The Subtle Art of Covering Climate Cycles

June 1, 2016



Ocean cycles caused by trade winds in the Pacific are to blame for unevenness in an overall upward global temperature trajectory, scientists say. Graphic courtesy of National Centers
for Environmental Information, NOAA.

The planet is enduring an extraordinary jolt.

A 13-year warming lull was recently followed by an unprecedented jump in global temperatures. The temperature spike is coinciding with a surge in worldwide efforts to slow global warming, and it appears to be helping to change the minds of Americans about global warming during a precariously optimistic time for global climate diplomacy.

It’s also presenting reporting challenges for journalists. What exactly is happening, and what’s the clearest way to report it?

A key concept is that scientists now recognize the importance of slow natural changes in temperature patterns on a “decadal scale” — cycles that can take decades or longer to flip from one extreme to the other.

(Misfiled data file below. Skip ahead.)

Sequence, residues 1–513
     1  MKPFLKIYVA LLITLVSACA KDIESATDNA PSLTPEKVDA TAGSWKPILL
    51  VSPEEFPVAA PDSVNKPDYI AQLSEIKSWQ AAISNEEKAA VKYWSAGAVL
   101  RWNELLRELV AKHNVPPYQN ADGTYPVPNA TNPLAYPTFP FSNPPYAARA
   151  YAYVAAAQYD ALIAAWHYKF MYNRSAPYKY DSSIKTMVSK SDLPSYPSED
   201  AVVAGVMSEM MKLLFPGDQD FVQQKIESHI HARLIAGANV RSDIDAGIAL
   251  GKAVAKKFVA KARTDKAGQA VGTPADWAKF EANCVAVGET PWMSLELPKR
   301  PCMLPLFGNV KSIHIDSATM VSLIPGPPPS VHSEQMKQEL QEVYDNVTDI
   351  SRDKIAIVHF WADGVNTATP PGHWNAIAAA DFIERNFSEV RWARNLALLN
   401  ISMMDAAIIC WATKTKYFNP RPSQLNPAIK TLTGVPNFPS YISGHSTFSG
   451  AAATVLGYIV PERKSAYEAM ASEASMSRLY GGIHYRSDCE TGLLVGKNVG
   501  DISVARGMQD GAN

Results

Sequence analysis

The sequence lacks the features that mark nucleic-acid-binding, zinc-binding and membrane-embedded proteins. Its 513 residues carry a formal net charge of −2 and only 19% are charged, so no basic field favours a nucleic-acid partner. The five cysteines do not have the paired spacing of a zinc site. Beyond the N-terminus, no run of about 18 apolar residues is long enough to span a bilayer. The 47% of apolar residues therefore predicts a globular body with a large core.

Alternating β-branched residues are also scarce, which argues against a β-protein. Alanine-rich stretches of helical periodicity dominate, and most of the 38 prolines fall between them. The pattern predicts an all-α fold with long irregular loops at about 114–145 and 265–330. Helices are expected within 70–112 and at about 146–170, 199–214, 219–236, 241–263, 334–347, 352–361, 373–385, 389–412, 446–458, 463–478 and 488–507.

The so-called “warming pause” from 2001 to 2014 is now understood by scientists to have been caused by natural variation — even as the planet heated unnaturally.

What we know, and what we don’t

Not only was 2015 globally the warmest on record, it beat the previous record — which was set one year prior — by the greatest margin ever seen.

Like most trends that are affected by multiple factors, those of global surface temperatures can seem confounding. Even some scientists disagree about recent patterns. But all of the leading scientists who research them agree about the details that matter to us the most: the planet is warming inexorably, and it is doing so unsteadily.